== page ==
Innovation of Cyber Defense Technologies with Data Collection and Analysis; How have past cyberattacks affected how different social groups use and interact with software technology today?

Kosar, Michael, School of Engineering and Applied Science, University of Virginia
Foley, Rider, EN-Engineering and Society, University of Virginia
Vrugtman, Rosanne, EN-Comp Science Dept, University of Virginia

Cyber attacks and crime have risen exponentially in the past decade. The global reliance on technology to store data, perform daily tasks, and function as a society has enticed malicious hackers to exploit these often weak systems and their vulnerabilities. One such entity that is constantly under attack from adversaries is the United States Air Force. The majority of their equipment relies on digital systems and transmissions in order to function which makes them vulnerable to cyber attacks from adversaries. Specifically, their equipment can be jammed via certain radar waves that are sent to disrupt their signals. To address this problem, I created a way to be able to identify the difference between normal, everyday radio-waves that are harmless to defense systems and the malicious adversarial radio-waves being sent by potential adversaries to disrupt communications. I did this through a combination of computer programs and data analysis in order to sort, compile, and display data to make this distinction. It is important to consider the human and social dimensions of this because the U.S. government is tasked with defending its citizens and if they cannot properly do that, then there can be serious consequences.
From an STS perspective, we can analyze the broader question, how have past cyberattacks affected how different social groups use and interact with software technology today? I used the social construction of technology theory to analyze this question by determining how different social groups have affected how our software is developed currently. To conduct this research, I used four different case studies of real cyber attacks and analyzed the attack, consequences, and impact on society. In this, I learned that the motivating factors behind the majority of cyberattacks were money, data, and geopolitical factors. I found that users of the technologies targeted in the attack were mostly to blame for the attack due to their poor online safety practices. Software developers may have been able to write more secure code for some of these attacks, but in the end the users bore the responsibility. In response to the attacks, there was very little governmental initiative. With the exception of a few laws and regulations that were passed, the government did not enforce sweeping legislation following the attacks. Throughout the research, I found that there was very little information being shared publicly about how the attack occurred from a technical standpoint. Without this information, software developers are not able to properly respond and learn from an attack on another company or institution. Greater emphasis on online safety training for users as well as more transparency following attacks will help to mitigate future attacks. Using this information, we can decipher where we have failed in the past and use these lessons to better secure our future. Together, both the technical project and STS research have real implications. They provide both an analysis of what we have done in the past to solve the problem of cyber security and an example of what we are doing currently. This can give us an insight into what we can do in the future by looking at our current technology and learning from our past mistakes in order to create a safer and more secure future.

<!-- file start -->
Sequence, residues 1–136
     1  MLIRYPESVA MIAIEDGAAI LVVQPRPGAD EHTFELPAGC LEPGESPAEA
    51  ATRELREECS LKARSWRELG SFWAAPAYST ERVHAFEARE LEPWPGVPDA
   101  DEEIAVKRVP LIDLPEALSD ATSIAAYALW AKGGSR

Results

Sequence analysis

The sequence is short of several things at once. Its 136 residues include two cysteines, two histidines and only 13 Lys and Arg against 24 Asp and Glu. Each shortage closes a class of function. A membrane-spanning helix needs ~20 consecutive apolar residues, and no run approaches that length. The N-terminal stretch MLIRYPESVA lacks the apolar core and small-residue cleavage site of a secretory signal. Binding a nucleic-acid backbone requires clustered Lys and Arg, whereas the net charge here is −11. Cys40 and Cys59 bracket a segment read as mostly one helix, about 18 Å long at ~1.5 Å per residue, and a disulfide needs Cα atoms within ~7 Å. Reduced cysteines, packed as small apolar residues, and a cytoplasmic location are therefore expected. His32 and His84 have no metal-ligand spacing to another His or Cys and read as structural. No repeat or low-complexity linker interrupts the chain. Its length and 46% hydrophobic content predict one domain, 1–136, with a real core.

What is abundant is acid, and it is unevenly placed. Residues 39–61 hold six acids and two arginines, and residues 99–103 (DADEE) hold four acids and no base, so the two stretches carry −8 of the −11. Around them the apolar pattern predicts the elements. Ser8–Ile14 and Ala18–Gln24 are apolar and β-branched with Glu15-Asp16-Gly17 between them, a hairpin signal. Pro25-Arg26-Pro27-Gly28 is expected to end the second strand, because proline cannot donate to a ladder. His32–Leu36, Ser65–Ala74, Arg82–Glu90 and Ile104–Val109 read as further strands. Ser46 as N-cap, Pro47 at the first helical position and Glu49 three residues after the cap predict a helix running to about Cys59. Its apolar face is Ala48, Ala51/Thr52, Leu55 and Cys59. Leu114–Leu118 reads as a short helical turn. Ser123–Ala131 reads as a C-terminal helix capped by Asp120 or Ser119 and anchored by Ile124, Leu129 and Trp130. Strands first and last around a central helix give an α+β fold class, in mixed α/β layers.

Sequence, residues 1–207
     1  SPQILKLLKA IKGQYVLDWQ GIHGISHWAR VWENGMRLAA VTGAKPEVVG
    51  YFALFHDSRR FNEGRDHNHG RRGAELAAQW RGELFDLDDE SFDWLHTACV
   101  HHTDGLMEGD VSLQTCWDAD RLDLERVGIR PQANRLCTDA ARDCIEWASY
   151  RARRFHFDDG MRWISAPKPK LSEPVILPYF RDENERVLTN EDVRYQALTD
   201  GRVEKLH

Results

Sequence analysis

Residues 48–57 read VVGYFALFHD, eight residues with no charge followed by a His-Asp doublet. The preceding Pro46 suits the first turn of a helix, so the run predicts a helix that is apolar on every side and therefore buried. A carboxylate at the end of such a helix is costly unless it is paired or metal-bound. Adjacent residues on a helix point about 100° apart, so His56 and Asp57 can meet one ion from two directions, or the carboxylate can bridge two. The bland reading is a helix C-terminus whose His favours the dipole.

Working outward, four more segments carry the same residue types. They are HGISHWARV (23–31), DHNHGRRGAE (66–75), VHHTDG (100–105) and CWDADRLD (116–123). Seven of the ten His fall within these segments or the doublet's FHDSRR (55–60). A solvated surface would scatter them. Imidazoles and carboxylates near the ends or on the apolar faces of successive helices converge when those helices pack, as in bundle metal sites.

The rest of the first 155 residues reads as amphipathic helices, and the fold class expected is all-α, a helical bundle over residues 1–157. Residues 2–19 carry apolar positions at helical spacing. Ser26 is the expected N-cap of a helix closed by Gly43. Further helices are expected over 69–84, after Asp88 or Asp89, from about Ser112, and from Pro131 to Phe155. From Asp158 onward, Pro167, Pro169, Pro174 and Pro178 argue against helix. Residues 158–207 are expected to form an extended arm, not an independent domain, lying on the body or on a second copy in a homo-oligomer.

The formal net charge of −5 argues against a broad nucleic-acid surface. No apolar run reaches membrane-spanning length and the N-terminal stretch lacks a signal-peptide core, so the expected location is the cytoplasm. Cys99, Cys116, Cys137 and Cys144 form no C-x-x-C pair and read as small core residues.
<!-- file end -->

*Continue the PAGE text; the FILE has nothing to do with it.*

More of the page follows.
BS (Bachelor of Science)
Social Construction of Technology, SCOT, Cyber, Cybersecurity, Cyberattack, Cyber Defense, Software, Software Development, Air Force

School of Engineering and Applied Science
Bachelor of Science in Computer Science
Technical Advisor: Rosanne Vrugtman
STS Advisor: Rider Foley

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